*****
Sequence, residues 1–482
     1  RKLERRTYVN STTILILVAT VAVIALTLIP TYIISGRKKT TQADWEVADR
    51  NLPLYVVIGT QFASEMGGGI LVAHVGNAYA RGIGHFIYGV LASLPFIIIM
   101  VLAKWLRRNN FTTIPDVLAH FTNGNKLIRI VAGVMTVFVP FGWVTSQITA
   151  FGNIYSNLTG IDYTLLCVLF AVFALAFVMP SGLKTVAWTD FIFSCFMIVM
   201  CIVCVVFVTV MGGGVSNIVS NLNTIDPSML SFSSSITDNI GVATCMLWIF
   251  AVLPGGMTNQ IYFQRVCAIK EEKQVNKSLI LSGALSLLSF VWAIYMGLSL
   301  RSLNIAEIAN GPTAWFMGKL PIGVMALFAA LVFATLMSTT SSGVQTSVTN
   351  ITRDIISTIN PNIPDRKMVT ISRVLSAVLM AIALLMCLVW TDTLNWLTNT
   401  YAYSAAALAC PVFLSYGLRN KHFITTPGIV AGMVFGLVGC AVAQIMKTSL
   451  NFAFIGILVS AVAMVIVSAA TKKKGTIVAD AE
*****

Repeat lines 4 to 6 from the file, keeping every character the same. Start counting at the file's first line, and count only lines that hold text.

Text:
   101  VLAKWLRRNN FTTIPDVLAH FTNGNKLIRI VAGVMTVFVP FGWVTSQITA
   151  FGNIYSNLTG IDYTLLCVLF AVFALAFVMP SGLKTVAWTD FIFSCFMIVM
   201  CIVCVVFVTV MGGGVSNIVS NLNTIDPSML SFSSSITDNI GVATCMLWIF